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- what is microneedling? -

- what is microneedling? -

Since we introduced our own microneedle (also known as a dermaroller), we have received floods of questions regarding what it is, how it works, how to do it, and everything else in between. 

The jury is out on this at-home procedure, as some argue it's not as effective as the professional version, it's dangerous, painful, or that it just straight up does not work. I'm here to tell you - none of those are true. Granted, the needles for at-home dermarollers are smaller than those you would see at a professional spa, but with time, you will see the same results. 

- What Is It? - 

Dermarolling is a newer procedure that requires a small tool with tiny, tiny needles, your favorite serum (more on that in a minute), and your trust. In essence, it increases absorption of the serums incredibly. It sounds terrifying, I know. However, there is little pain when you do this, considering the needles are truly too small. The procedure of rolling this tool across your face creates "micro-injuries" across your face, which then tells your skin to repair itself.

By creating this microscopic wounds, you are promoting skin cell regeneration. This procedure is ideal for those with fine lines and wrinkles, hyperpigmentation,  and scarring of any sort. For those with cellulite and stretch marks and can't seem to get rid of them, dermarolling is also for you, as it is safe to use on your body as well.

- How do you do it? -

With each dermaroller you purchase from us, we include a set of instructions on how to correctly and successfully do this for you. Here are the basics:

  • Sterilize your microneedle with rubbing alcohol. Rinse with hot water so you don't end up rolling alcohol on your face.

  • Putting a serum on your face, neck, and decolletage, roll your microneedle in a straight line with little to no pressure a total of 3-5 times, depending on how much you can tolerate and how used to procedures your skin is used to. Do not overdo it, as you can further damage your skin. Do this vertically, horizontally, and diagonally. I like to do this in 1-2" increments, and then move on to the next area, reapplying serum whenever my skin feels taut or dry. Your forehead will be a little more sensitive to the touch because it's the skin is far thinner next to the forehead bone.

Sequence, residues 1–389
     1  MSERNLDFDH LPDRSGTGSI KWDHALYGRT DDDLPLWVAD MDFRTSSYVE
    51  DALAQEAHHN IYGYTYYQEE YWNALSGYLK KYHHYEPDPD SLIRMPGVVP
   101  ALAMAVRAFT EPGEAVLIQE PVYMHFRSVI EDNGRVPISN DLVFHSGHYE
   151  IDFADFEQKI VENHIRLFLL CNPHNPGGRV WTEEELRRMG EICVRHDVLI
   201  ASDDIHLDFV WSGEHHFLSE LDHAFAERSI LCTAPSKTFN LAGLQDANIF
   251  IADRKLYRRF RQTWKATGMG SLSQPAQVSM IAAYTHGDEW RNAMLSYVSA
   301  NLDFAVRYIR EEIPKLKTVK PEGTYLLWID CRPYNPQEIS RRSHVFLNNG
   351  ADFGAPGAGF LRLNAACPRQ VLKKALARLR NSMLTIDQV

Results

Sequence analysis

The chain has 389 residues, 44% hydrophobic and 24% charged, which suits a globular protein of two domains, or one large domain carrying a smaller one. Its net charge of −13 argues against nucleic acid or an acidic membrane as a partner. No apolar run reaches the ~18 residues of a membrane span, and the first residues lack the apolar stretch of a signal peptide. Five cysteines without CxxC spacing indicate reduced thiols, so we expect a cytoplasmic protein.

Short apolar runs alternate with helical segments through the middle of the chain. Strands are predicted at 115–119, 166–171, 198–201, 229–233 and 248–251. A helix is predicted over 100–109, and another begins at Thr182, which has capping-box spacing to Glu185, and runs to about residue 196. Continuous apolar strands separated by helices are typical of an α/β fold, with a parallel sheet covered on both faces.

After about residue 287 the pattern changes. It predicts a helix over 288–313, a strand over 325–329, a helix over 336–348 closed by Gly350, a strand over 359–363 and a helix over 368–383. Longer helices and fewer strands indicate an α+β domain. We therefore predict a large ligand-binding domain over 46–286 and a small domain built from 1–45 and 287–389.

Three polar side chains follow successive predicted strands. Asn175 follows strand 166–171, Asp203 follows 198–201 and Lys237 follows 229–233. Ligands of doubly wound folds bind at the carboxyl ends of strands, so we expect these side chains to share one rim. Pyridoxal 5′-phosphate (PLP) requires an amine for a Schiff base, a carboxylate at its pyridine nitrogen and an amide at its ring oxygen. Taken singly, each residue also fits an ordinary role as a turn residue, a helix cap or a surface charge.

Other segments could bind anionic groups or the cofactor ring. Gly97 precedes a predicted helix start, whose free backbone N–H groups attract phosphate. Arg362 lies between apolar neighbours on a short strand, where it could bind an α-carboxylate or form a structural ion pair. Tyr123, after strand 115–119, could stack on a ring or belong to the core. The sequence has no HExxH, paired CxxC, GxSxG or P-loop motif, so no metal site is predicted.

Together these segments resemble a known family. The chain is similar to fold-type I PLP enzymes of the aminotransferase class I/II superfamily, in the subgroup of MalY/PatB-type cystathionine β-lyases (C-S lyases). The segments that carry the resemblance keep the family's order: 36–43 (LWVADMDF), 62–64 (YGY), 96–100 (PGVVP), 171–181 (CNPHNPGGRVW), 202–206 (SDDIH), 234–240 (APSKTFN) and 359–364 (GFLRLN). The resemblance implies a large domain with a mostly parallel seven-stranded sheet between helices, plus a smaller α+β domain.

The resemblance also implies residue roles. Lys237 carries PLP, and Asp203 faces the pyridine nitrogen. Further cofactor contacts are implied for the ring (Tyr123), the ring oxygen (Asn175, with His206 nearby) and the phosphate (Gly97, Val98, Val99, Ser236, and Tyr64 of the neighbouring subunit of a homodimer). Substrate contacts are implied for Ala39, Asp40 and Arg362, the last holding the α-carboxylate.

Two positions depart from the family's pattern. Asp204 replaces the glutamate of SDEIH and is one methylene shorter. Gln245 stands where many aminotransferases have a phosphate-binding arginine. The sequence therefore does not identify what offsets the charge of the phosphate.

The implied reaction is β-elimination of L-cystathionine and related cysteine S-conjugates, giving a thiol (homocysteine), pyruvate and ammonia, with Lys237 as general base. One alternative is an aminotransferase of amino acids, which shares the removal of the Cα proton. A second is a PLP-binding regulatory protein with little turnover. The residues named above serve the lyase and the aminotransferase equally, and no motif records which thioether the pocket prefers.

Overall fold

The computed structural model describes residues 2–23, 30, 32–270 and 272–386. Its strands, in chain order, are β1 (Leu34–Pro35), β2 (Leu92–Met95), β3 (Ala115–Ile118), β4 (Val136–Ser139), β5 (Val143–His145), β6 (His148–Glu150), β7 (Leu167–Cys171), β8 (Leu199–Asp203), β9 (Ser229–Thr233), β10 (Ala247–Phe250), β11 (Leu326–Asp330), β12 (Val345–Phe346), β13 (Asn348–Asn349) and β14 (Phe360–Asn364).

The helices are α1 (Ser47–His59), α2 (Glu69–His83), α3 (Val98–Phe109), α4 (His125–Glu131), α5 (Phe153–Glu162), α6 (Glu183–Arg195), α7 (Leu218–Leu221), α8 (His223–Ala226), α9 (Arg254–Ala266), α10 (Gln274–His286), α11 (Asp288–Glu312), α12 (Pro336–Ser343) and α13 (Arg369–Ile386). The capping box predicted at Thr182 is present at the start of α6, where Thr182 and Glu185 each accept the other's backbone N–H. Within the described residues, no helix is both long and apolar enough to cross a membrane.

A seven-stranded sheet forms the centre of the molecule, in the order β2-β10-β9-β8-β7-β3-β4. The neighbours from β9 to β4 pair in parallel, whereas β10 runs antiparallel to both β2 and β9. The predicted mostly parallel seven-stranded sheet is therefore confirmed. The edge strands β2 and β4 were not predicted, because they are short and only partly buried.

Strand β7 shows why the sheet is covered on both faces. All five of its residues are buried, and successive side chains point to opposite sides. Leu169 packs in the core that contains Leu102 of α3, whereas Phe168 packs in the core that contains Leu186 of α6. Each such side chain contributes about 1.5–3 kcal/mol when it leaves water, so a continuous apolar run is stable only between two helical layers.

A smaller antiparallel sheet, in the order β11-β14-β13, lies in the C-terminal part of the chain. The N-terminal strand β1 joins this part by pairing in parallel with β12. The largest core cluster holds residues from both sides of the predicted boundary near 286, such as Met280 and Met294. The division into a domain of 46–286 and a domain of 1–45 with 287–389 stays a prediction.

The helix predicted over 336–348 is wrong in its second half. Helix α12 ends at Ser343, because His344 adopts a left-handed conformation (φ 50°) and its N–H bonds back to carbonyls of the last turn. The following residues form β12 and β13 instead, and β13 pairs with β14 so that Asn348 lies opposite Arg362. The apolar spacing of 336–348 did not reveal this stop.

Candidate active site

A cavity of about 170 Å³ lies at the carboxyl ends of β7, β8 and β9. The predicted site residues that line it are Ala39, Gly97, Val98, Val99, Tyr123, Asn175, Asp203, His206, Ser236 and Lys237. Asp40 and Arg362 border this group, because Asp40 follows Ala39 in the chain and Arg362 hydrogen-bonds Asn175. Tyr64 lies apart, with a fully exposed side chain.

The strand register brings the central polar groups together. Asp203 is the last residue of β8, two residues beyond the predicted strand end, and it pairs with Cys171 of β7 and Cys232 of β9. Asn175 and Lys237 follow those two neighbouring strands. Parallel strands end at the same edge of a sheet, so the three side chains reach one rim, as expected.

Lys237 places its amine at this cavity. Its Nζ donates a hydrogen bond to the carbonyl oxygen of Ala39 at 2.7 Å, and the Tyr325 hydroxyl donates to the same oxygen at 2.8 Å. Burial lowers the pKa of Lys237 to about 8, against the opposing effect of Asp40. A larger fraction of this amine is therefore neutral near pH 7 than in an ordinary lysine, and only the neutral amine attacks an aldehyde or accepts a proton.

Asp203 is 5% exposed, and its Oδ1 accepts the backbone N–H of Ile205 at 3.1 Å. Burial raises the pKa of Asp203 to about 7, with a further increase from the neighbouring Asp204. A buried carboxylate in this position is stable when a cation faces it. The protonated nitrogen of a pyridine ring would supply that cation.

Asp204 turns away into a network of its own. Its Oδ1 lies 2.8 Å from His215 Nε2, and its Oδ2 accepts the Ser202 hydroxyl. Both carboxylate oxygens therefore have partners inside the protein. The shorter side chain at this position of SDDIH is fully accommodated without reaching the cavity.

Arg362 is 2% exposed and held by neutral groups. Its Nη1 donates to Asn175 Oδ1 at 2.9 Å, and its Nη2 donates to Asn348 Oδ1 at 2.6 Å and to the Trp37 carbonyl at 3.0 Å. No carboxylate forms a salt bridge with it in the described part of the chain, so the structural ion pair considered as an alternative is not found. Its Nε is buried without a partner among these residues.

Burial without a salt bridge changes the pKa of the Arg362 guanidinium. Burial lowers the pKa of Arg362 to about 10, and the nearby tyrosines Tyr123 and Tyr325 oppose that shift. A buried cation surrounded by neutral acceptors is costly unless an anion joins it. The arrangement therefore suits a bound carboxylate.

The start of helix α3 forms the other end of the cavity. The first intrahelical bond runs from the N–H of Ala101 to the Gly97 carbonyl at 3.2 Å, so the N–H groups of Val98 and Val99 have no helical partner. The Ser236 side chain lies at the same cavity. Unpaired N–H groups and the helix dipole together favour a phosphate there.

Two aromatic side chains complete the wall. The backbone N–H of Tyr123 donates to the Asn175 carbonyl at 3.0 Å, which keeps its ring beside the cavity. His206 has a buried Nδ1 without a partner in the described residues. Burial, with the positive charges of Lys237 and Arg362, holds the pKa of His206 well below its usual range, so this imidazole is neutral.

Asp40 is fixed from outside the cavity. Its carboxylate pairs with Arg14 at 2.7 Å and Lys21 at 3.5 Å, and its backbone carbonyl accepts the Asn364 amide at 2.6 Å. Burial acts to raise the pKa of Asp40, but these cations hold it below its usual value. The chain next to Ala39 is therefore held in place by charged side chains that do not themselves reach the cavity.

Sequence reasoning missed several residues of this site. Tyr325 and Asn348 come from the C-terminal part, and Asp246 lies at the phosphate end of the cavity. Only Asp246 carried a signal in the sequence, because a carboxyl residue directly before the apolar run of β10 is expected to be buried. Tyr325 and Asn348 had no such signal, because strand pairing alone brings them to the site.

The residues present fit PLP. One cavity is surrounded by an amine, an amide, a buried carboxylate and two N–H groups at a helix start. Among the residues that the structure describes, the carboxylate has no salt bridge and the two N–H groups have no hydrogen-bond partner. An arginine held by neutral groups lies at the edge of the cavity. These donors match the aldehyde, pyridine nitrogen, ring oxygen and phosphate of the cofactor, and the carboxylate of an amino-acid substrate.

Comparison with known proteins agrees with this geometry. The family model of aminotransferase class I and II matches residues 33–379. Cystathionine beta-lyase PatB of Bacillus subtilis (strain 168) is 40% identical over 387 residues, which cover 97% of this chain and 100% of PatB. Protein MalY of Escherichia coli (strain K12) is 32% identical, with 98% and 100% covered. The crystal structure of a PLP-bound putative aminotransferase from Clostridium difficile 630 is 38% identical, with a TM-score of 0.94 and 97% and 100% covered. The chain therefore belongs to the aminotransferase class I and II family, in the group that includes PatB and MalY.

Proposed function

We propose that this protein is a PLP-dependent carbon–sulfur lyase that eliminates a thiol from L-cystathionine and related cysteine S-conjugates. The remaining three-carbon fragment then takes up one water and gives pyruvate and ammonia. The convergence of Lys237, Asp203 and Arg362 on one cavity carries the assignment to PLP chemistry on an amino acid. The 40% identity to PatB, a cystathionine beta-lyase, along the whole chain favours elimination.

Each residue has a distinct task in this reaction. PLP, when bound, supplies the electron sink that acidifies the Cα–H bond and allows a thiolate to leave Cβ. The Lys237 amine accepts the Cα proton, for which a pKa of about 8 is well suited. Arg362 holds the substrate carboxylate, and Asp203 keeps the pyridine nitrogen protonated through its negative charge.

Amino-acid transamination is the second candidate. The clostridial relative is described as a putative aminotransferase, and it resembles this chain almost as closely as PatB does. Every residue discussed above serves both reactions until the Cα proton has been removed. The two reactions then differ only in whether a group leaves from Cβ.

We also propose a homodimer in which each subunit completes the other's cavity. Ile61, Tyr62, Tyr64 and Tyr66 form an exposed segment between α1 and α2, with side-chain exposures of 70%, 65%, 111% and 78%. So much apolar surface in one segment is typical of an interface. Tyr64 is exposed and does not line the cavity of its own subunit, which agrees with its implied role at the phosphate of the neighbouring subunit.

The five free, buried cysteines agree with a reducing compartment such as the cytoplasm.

• Avoid your eye area as skin is much too thin to roll over. However, you can roll over your lips for a safe alternative to lip injections. Dermarolling helps skin by making it plump, and it does the same when you roll over your lips.

  • I like to use a serum before, during, and after rolling. I typically do a sheet mask or manuka honey mask before, and then the Ordinary's AHA + BHA peel, but you would need to work up to that intensity as it will be too much for first-timers.

  • Do this procedure at night, as you're not supposed to wear makeup for at least 8 hours after doing this. Make sure to keep up on moisturizing. It is crucial you stay out of the sun or excessive heat, and wear an SPF! Your skin will be slightly red the night of, but glowing in the morning.

  • After you've finished, sterilize again and keep the tool in the clear container it comes in. Start with doing this procedure once a month, and you can later move on to no more than 2 times a month once your skin is used to it. Our needles are .75mm, which is safe for home use as long as you follow directions carefully.

  • Voila! It's that simple! It takes ten minutes tops, and you'll see both immediate results the next day, and with time you will see deeper results.

Onto serums...

Serums play a huge part into dermarolling, and it's all based off of what you're looking for and your skin type. My go-to serum is always a vitamin c serum, because it's typically safe for all skin types and my concern is maintaining skin brightness. Use ingredients that include hyaluronic acid and peptides like our Collagen Firming Serum for drier skin types, and Vitamin C serums for normal to combination skin types.

It is crucial NOT to use retinols to roll with, but you can potentially put one on afterward if you're skin is used to it. To be on the safe side, skip using retinol the night you are dermarolling. 

Lastly, do not use a dermaroller over active acne as you can potentially spread bacteria from one blemish to all over your face. You can still use this with acne, but it's best to get it under control before you microneedle, but you can simply avoid those areas if you really want to try it out.

Visit our products page to get started on your journey to brighter, tighter skin!

If you have any questions or thoughts, comment below!

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